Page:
Showing posts from June, 2014

Poetry Wednesday: Famous Blue Raincoat

Famous Blue Raincoat It's four in the morning, the end of December I'm writing you now just to see if you're better New York is cold, but I like where I'm living There's music on Clinton Street all through the evening. I hear that you're building your little house deep in the desert You're living for nothing now, I hope you're keeping some kind of record.  Yes, and Jane came by with a lock of your hair She said that you gave it to her That night that you planned to go clear Did you ever go clear? Ah, the last time we saw you you looked so much older Your famous blue raincoat was torn at the shoulder You'd been to the station to meet every train And you came home without Lili Marlene And you treated my woman to a flake of your life And when she came back she was nobody's wife. Well I see you there with the rose in your teeth One more thin gypsy thief Well I see Jane's awak

Poetry Wednesday: My Yoko Ono Moment

My Yoko Ono Moment for Nick Twemlow It’s annoying how much junk mail comes through the slot & accumulates at the foot of the stairs mostly menus from restaurants in the neighborhood endlessly coming through the slot despite the sign we put on the door: No Advertisements No Solicitors One night I scoop up the whole pile on my way out (as I do periodically) & dump it in the trash can on the corner of West Broadway & Spring just as Yoko Ono happens to be strolling through SoHo with a male companion She watches me toss the menus then turns to her friend & says, “I guess no one reads those.” by David Trinidad courtesy 

Re-Thinking the 'E'

Amidst the heat of summer and the heft of books being carried in the summer heat, now is a good time to ponder the e-book. I used to think of my e-book reader (Kindle, for those keeping score at home) as a tool I kept for convenience and desperation. I am a Print Girl, now and forever. But as I considered how to find new homes for my already-read books, I had to wonder: why remain married to print for every book? I'm not keen on the control Amazon has over my reader and its contents. Sure, I can get a refund, but if Amazon can put a book on my reader, it can take it off. (And has, for other readers in the past.) I prefer my e-books inexpensive. Right now I'm considering an e-copy of my favorite Marge Piercy poetry book, but it's more than a couple of bucks. I realize that some older books haven't yet gone "e," but the absurd price of an e-book astounds me. Maybe I don't know enough about the process of e-publishing, but I also can'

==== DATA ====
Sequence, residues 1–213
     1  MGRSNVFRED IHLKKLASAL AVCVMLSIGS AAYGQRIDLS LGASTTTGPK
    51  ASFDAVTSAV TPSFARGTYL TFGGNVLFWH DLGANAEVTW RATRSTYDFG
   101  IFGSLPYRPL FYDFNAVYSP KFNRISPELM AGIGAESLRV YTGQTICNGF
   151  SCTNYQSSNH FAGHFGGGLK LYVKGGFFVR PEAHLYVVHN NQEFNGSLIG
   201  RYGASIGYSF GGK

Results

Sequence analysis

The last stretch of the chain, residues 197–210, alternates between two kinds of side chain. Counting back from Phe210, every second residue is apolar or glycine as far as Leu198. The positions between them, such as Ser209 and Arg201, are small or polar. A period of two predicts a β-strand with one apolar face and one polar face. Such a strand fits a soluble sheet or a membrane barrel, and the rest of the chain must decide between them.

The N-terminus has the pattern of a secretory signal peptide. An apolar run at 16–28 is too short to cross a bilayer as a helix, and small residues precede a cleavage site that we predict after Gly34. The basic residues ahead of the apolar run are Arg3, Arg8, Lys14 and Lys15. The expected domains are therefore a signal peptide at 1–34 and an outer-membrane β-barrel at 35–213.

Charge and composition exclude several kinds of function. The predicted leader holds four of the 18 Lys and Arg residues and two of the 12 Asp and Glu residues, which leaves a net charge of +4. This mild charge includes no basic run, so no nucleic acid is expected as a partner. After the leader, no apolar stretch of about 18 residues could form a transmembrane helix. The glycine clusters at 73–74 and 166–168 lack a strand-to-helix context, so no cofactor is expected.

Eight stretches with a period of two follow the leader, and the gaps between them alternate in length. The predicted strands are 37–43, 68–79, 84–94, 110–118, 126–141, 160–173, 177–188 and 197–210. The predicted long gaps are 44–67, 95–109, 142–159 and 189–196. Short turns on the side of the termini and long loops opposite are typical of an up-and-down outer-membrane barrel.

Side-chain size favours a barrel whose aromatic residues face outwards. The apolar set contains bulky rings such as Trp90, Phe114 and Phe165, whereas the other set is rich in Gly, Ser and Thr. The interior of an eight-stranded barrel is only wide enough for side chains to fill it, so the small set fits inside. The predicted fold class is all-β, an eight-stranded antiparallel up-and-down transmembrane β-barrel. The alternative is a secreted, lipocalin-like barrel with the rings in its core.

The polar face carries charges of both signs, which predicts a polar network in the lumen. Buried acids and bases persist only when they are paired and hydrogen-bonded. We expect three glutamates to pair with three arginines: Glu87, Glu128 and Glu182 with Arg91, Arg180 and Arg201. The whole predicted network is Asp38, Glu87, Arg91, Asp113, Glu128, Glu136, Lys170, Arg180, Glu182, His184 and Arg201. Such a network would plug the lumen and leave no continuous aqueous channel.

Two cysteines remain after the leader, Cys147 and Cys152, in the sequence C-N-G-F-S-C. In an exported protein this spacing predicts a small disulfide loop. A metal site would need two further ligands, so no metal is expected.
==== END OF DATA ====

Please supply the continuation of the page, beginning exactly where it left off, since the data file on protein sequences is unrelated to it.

Review: Year of No Sugar

Eve O. Schaub would like you to know that She and Her Family Survived a Year Of Limited Sugar Consumption. But they're okay now. Schaub was inspired by the research and lifestyle changes of Robert Lustig , a professor at University of California, San Francisco, who convinced her in a 90-minute video that sugar was poison. She did her own research, found resources, and in turn convinced her family to spend a year not adding fructose to their diets. (Her children are in elementary school, so she made exceptions.) At the end of the year, everyone was relieved and the experiment was over. She blogged about it, and she turned her blog posts into a book titled Year of No Sugar: A Memoir . I'm sure her blog was fine, but the posts didn't succeed in creating a successful, readable memoir. I didn't enjoy the book for a number of reasons. As a memoir, Year of No Sugar was written in too casual a tone. The language was chatty, the vocabulary colloquial, the humor forced